The Operating System ($26)
by John Pistelli
In the interview that concludes this hybrid work, poet Johnny Damm confesses, "I'm a cis, white, straight man: I have privilege on top of privilege, and my voice certainly doesn't require amplification." While such a confession, with its histrionic air of noblesse oblige, almost always sounds more like self-aggrandizement than self-criticism, it does help to orient the reader ethically and politically in Damm's aesthetic world. The Science of Things Familiar is a collage whose startling juxtapositions try to shock readers into awareness of the various subtexts—emotional, sexual, racial, environmental—of twentieth-century American popular culture.
Damm explains in an afterword, "Poetics and Process," that the "things familiar" of his book's title-itself borrowed from a nineteenth-century textbook-are "music, film, and (comic) books." The "science," he leaves the reader to understand, is the critique of ideology: an explanation of the material circumstances that brought these "familiar things" into being, with an emphasis on the exploitation and oppression underlying them.
Damm works in the disparate modes of appropriation, pastiche, and confession, sometimes all at once. Bookended by faux-scientific textbook diagrams with poignant titles—"Diagram of Your Breath," "Diagram of Your Touch," "Diagram of What Remains Unsaid," etc.—The Science of Things Familiar also includes comic-book cut-ups, mock entries in a biographical dictionary of film, a critical essay with confessional footnotes, and more.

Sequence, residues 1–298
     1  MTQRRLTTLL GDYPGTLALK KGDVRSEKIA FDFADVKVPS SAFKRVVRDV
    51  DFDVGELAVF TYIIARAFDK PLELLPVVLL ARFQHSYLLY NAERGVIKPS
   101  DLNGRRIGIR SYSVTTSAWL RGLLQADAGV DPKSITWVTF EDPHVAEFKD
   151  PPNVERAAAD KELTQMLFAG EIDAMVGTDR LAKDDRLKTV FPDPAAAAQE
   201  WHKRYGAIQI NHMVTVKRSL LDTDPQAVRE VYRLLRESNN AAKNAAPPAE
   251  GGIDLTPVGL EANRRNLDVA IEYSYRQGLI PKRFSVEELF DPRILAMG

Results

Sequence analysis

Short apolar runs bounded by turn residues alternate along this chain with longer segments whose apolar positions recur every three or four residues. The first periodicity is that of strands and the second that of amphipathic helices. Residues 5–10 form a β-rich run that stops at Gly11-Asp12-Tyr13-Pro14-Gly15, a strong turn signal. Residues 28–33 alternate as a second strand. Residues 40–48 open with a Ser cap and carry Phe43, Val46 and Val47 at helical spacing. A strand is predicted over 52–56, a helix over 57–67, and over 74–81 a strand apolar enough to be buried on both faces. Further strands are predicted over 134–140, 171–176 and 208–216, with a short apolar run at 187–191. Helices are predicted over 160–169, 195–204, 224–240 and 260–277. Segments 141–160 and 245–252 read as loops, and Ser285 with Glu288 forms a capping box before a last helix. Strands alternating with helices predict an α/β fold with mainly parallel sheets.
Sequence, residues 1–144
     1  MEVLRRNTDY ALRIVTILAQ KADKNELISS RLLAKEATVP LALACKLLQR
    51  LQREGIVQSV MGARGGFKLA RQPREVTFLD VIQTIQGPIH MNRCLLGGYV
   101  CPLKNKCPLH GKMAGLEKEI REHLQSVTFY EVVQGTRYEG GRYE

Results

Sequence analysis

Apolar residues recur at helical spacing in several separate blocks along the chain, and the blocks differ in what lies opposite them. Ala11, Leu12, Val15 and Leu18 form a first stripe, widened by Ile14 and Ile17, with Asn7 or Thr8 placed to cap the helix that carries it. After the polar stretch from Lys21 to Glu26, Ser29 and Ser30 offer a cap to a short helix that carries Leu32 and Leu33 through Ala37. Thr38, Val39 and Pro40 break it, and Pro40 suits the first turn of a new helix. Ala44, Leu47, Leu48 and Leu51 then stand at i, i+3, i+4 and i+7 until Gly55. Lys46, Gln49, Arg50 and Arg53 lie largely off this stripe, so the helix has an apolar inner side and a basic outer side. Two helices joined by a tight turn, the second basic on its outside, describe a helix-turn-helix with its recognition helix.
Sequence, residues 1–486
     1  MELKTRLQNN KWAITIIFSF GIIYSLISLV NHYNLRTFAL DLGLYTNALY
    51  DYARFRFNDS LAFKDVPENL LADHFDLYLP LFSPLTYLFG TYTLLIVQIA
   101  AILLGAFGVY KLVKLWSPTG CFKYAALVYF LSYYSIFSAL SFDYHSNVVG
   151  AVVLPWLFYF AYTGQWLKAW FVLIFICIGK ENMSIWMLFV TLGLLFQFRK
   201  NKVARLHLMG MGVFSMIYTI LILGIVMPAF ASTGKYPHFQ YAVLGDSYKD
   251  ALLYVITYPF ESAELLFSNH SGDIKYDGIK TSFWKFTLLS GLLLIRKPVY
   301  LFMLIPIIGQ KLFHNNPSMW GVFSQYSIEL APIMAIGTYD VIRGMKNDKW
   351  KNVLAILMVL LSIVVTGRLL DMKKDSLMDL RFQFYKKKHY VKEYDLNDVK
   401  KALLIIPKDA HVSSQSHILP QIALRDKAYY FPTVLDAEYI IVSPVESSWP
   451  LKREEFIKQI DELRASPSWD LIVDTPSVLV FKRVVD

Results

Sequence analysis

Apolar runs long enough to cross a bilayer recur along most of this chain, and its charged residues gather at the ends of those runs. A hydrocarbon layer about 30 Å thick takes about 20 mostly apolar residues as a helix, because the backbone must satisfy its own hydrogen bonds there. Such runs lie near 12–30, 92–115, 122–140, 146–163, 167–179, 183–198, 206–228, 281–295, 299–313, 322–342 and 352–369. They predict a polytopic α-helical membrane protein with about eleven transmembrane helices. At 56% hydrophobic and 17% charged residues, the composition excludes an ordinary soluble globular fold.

In The Science's first third, Damm arranges collages of panels from old Classics Illustrated comics and replaces their expository and grandiloquent narrative elaborations on canonical literature with his own bittersweet lyrical prose:
Walt Whitman feels a sharp need to look out the window but pauses over the drawn back curtains and rolls the sinewy fabric between his fingers. There's a word for this, he thinks. There's a word.
The irony in this section, with its clash of the stagy old comics' pomposity against a contemporary so-sad-today sense of self-conscious sorrow, has a light touch.
The book's next two divisions are more polemical. In the middle third, Damm explores, via a Borgesian parody of a film dictionary, the exclusion of women from cinema. The third section returns to comic-book collage, this time to explain the class- and race-based marketing decisions that segregated American popular music into white middle-class norms (pop, rock) defined against poor-white and black music construed more as folklore than art.
Damm certainly addresses serious topics, and his treatment of them is often arresting—for instance, in the last section, machine-gun onomatopoeia ("rat-tat-tat-tat-tat-tat") borrowed from war comics exemplifies the racial and economic violence underwriting the music industry. As important as this subject matter is, though, Damm's information is not new, and his implied outrage, while well-intentioned, has become a somewhat rote gesture among right-thinking writers. More impressive because more unpredictable, and thus riskier, is the impassioned re-writing of Classics Illustrated comics that opens The Science of Things Familiar. In these pages, Damm fulfills his title's implied promise to return the familiar—whether canonical literary works or old comics—to the strangeness from whence they came.